How Does Sugar Affect Your Liver Health?
It is often suggested to start our day with a fruit rather than tea or coffee but the majority of us, start our day with tea or coffee containing sugar. But have you ever thought that is sugar really good for our overall health too?
Di you know there are 4 types of sugar?
- Fructose (a.k.a. fruit sugar)
- Sucrose (a.k.a. table sugar)
- Lactose (a.k.a. dairy sugar)
Now let us understand what happens inside our bodies when we consume sugar?
When we eat a meal containing sugar, our bodies break it down into glucose, use some of the glucose for energy, and for later use, save some. Fat Cells are created out of excess glucose. The liver is one of the places in our bodies that store this excess fat. Over time, liver cells are gradually replaced by fat cells, leading to non-alcohol-related fatty liver disease. Some studies show that sugar can be as damaging to the liver as alcohol, even if you’re not overweight.
What will happen if we consume an excessive amount of sugar?
If you eat way too much sugar, your body stops responding properly to insulin, your pancreas starts pumping out even more insulin. Eventually, your overworked pancreas will break down and your blood sugar levels will rise, setting you up for type 2 diabetes, cardiovascular diseases, cancer, and obesity which is a leading cause of liver diseases.
What happens when we eat a high amount of sucrose?
When a similar amount of fructose and sucrose is considered, the latter boosts fat synthesis even more. These high sucrose foods include puddings, milkshakes, cakes, fruit juice drinks, deep-fried meals with sweet sauce, cookies, pancakes, candies, chocolate, and commercial cereals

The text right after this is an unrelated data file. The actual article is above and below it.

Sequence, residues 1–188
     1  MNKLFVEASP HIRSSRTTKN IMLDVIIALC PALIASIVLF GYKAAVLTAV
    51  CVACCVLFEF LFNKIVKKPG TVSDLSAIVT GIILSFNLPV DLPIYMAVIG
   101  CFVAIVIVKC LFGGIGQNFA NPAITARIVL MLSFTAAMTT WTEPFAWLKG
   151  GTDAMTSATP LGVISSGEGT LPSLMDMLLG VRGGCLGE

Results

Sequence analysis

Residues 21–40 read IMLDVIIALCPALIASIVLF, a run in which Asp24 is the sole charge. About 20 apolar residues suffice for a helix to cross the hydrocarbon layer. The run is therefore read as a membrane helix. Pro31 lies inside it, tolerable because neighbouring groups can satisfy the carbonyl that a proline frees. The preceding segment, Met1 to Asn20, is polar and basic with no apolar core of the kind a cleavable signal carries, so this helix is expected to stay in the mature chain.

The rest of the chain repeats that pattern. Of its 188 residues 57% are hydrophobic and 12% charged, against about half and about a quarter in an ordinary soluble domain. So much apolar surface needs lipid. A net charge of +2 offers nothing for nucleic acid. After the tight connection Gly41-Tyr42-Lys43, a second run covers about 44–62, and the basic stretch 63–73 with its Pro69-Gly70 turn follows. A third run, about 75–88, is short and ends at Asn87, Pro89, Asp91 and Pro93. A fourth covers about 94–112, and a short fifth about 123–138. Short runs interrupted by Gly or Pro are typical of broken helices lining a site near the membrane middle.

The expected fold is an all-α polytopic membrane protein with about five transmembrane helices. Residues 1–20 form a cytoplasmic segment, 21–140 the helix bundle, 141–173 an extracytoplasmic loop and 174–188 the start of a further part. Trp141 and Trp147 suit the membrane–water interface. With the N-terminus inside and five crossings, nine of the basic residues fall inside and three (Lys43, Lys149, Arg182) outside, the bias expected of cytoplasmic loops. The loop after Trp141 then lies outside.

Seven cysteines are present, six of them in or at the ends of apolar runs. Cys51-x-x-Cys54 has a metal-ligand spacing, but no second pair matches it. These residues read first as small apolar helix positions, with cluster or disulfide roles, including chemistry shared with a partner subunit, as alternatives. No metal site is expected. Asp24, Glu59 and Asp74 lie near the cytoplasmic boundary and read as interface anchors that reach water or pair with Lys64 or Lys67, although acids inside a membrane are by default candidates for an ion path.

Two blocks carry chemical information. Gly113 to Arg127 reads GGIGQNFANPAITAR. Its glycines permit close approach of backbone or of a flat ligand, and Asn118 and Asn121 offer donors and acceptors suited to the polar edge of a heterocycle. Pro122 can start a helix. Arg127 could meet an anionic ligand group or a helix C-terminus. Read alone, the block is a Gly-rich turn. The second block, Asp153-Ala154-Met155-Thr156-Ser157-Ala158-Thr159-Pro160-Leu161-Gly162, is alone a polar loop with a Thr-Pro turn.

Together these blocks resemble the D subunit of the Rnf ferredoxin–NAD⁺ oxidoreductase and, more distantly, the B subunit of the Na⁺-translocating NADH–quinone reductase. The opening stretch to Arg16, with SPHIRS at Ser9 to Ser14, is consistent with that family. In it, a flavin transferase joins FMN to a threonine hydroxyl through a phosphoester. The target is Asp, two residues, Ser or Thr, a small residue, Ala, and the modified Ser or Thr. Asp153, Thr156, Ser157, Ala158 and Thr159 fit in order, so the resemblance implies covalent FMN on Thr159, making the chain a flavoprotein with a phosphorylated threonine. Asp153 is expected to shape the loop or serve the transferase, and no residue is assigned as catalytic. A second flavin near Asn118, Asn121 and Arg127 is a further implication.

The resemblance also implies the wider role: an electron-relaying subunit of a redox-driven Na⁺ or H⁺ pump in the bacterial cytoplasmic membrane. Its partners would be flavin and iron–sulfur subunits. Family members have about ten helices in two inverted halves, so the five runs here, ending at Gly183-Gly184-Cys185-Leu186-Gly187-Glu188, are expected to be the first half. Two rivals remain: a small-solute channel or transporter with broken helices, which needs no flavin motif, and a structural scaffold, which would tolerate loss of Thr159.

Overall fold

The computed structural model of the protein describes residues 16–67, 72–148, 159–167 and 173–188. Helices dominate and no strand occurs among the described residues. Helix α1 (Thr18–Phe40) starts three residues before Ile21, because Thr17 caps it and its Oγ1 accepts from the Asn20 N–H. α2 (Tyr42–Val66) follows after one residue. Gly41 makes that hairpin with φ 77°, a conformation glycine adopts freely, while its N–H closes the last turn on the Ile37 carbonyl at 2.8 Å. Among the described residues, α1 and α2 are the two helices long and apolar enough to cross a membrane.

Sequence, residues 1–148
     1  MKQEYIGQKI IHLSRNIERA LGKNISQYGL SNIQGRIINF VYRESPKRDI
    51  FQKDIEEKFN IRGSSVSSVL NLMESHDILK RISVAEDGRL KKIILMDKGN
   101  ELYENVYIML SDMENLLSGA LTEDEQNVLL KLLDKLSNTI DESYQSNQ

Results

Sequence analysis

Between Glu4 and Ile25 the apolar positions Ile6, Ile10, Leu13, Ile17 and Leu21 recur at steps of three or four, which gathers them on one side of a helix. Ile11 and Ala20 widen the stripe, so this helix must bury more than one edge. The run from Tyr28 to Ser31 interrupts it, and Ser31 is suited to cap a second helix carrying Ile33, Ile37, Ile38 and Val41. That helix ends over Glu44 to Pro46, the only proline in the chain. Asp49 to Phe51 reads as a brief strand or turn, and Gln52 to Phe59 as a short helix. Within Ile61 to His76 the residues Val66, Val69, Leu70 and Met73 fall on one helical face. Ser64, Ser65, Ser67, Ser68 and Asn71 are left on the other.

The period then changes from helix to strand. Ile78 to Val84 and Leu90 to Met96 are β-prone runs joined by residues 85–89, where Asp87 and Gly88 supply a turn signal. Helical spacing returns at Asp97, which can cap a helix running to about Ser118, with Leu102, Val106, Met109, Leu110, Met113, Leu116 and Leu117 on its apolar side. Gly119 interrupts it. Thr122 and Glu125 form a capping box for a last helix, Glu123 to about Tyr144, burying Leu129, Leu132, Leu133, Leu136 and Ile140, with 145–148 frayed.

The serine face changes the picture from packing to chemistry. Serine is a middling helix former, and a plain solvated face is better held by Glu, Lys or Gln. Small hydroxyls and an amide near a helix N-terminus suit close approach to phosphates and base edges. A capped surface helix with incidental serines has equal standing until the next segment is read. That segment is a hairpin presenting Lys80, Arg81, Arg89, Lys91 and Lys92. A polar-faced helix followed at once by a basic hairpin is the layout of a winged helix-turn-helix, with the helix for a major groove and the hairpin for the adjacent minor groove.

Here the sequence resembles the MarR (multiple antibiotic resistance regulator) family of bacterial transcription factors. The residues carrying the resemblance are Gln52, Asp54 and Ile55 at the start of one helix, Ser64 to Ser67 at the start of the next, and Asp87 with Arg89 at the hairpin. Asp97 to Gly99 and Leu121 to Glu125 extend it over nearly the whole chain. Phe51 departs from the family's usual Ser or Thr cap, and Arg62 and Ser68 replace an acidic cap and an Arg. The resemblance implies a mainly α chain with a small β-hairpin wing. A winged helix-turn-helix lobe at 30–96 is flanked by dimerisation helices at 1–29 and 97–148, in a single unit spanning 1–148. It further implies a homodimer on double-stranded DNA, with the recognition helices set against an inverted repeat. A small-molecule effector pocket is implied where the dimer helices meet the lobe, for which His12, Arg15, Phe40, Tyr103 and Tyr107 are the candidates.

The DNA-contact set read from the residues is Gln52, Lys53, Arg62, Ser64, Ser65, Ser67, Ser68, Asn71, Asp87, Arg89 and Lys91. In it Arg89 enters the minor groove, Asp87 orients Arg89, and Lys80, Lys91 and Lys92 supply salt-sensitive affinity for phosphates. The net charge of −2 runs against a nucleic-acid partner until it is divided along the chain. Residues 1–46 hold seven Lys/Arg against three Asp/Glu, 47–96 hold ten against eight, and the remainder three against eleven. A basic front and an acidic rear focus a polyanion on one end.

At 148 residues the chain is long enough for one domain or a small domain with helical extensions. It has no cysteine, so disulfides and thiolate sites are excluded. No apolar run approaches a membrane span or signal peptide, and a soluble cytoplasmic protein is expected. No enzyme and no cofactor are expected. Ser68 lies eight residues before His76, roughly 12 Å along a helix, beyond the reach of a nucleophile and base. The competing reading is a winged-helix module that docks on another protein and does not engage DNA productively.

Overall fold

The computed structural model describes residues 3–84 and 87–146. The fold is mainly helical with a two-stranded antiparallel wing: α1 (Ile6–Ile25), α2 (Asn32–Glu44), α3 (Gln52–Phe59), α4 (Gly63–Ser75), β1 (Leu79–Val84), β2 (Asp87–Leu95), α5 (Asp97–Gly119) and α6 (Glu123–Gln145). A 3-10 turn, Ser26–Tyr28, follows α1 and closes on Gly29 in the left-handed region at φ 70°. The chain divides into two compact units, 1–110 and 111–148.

Medical surveys say that even a moderate amount of regular intake of sugar can disturb metabolism. As the liver can metabolize only fructose present in fruits and vegetables and other sugar sources to a small extent but when we consume other sugar sources it leads to the storage of fats in the liver and increases the chances of NAFLD and insulin resistance in individuals
How much sugar is safe to consume?
The World Health Organization (WHO) advises people to eat no more than 5% of their daily calories from added sugar. Which equals 25 grams or roughly 6 Teaspoons for a person with a normal diet.
Did You know?
Sugar also adds to the aging of the skin and triggers acne too?
What happens to our liver when we consume sugar?
Our liver can metabolize only fructose which is present in fruits and vegetables and other sugar sources to a small extent but when we consume other sugar sources it leads to the storage of fats in the liver and increases the chances of NAFLD and insulin resistance in individuals. Our bodies create inflammatory chemicals when we consume sugar on daily basis, these chemicals accumulate in our systems, harming other internal organs and eventually leading to liver disease.
When the liver is scarred, fatty, or inflammatory, it cannot function as effectively as when it is healthy. It is unable to digest and eliminate toxins from our bodies. It also causes obesity with a lower rate of burning fat and cholesterol thereby increasing fatty deposits.
It has been observed teenagers that can overconsume fizzy drinks and sweets This is an alarming sign of liver diseases in the younger generation and prevalence of NAFLD in children and teenagers, also an exponential rise of fatal liver disease in adults
How do avoid the liver inflammation caused due to sugar synthesis?
- Limit the consumption of sugar
- Eating lots vegetables and fruits
- Exercising regularly